The rise, fall and return of Shirley Collins, heroine of English folk music

Shirley Collins on the South Downs, East Sussex

In the beery, beardy world of folk music, Collins – a young, working class woman – had few people on her side.

In the late 1950s, Ewan MacColl, one of the driving forces behind the postwar folk revival in Britain, decreed that, henceforth, folk singers should only sing material from their own national culture. Given his stance, you’d think that MacColl would be supportive of Shirley Collins. A young, working-class woman, she was born and bred in Sussex and many of the songs in her repertoire were learned from the county’s traditional singers. Alas no. MacColl, hiding behind the pseudonym “Speedwell”, penned unflattering rhymes about Shirley, printed in the pages of his own magazine, Folk Music, likening her to a lumbering Jersey cow.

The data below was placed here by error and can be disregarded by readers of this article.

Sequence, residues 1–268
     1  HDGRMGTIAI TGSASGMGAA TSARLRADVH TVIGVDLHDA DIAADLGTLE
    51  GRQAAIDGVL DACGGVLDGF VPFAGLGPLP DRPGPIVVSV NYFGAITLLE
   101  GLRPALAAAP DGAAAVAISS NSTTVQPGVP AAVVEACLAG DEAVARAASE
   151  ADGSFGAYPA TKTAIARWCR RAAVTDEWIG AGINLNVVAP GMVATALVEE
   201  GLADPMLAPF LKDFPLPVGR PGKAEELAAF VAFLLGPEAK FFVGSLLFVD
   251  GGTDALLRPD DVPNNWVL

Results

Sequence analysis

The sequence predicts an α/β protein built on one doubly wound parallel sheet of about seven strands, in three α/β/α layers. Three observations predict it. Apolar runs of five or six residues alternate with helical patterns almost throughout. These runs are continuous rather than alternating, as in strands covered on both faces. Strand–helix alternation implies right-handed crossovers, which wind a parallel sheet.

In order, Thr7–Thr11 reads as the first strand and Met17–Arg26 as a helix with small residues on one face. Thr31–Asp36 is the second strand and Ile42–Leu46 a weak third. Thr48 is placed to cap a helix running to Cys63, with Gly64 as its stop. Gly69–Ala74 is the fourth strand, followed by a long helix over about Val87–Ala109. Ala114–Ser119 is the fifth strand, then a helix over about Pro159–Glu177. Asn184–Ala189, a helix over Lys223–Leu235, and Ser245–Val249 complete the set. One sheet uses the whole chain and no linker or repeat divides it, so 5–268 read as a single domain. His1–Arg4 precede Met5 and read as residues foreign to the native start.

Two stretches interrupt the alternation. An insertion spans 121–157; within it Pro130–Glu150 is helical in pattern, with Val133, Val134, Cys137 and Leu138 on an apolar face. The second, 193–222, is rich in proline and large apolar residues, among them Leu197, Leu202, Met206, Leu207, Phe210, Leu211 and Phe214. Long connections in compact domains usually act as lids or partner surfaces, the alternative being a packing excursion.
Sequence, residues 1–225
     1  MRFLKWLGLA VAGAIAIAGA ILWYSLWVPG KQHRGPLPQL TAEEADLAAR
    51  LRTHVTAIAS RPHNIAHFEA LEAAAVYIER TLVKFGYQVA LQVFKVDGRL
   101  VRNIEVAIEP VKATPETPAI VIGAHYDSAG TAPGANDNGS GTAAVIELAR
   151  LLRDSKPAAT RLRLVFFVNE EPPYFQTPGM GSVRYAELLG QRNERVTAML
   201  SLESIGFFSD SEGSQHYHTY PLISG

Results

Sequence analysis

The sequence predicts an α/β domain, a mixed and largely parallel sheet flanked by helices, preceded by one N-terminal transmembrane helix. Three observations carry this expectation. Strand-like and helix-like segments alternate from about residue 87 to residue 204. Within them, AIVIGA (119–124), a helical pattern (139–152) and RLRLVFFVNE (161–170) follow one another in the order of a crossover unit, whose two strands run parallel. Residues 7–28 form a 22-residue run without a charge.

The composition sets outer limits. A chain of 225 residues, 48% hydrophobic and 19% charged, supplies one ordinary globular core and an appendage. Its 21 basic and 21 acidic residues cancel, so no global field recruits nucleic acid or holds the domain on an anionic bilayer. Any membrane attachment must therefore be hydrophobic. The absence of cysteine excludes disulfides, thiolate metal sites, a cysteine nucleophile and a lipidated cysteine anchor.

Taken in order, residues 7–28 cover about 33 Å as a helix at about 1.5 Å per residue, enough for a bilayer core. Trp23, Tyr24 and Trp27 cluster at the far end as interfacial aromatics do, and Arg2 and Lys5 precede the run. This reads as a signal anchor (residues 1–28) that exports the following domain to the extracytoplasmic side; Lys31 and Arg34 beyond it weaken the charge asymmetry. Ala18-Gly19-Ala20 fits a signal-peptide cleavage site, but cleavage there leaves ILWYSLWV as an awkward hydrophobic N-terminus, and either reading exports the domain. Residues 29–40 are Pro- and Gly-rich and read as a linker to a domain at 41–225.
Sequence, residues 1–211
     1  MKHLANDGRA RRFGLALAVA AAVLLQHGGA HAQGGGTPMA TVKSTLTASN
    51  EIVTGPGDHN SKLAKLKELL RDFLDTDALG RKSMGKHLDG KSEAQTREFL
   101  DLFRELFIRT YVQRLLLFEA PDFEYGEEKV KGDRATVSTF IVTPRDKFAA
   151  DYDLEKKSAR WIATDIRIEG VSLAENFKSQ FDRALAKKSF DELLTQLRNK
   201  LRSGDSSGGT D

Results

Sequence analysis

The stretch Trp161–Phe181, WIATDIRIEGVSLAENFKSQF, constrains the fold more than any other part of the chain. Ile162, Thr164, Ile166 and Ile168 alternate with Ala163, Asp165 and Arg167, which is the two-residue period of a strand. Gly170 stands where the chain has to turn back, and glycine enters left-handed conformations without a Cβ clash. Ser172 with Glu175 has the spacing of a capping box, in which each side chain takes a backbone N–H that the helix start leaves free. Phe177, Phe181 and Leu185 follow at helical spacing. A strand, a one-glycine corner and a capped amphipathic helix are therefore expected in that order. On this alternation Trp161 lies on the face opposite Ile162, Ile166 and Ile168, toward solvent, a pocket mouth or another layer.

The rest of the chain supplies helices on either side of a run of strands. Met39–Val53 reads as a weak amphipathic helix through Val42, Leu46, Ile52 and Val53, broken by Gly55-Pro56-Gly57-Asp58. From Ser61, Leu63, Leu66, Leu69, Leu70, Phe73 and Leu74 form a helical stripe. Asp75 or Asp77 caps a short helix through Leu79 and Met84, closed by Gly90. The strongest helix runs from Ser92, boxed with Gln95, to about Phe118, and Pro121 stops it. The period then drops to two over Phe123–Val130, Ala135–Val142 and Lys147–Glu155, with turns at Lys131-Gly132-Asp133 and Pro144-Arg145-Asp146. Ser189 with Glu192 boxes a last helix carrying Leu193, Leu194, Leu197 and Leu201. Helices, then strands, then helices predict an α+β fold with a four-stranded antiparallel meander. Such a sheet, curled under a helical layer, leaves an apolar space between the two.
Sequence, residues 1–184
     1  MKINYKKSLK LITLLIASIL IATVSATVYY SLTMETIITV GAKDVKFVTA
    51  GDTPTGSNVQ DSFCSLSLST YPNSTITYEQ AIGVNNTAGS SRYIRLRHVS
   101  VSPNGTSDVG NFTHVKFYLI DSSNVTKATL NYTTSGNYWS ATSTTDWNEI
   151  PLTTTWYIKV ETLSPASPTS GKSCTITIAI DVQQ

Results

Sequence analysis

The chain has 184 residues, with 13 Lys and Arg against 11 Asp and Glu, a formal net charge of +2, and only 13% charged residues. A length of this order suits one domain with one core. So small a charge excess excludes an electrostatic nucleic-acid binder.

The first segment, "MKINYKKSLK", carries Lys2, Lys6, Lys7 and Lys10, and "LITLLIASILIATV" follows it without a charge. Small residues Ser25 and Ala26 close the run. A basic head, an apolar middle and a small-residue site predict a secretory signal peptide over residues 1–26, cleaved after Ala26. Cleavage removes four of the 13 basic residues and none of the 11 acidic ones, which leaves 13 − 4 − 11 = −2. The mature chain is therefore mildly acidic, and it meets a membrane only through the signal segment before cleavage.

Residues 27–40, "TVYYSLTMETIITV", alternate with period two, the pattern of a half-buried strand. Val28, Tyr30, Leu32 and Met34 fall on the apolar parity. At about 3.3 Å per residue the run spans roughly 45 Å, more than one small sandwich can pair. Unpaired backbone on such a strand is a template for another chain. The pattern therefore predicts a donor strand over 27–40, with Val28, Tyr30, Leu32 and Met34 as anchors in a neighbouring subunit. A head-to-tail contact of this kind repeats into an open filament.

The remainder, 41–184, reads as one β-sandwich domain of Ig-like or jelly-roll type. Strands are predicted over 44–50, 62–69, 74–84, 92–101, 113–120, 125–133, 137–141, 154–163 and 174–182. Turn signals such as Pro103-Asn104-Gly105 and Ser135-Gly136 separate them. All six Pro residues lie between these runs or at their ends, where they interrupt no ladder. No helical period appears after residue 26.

What was it that so offended MacColl’s sensibilities? He had a Marxist perspective on folk music, his material evoking a macho world of hewers and haulers. Shirley’s songs gave voice to women, often in rural settings, yet were no less concerned with issues of class and gender. Propositioned by the local squire, “Lovely Joan” accepts his golden ring in return for her maidenhead. As soon as it is placed in her hand, Joan leaps on his horse and rides off to her lover’s house. In the Dorset ballad “A Blacksmith Courted Me”, the singer complains that her man should not have to go overseas “fighting for strangers”.

The pastoral folk music of England may not have crossed over into popular culture in the way that Irish folk has, yet its echoes are all around us. “Lovely Joan” provides the tune that sweeps like a dark cloud across the landscape in the mid-section of “Fantasia on Greensleeves”, consistently a Classic FM favourite, while that Songs of Praise stalwart “He Who Would Valiant Be” borrows its melody from “A Blacksmith …read more

Source:: New Statesman


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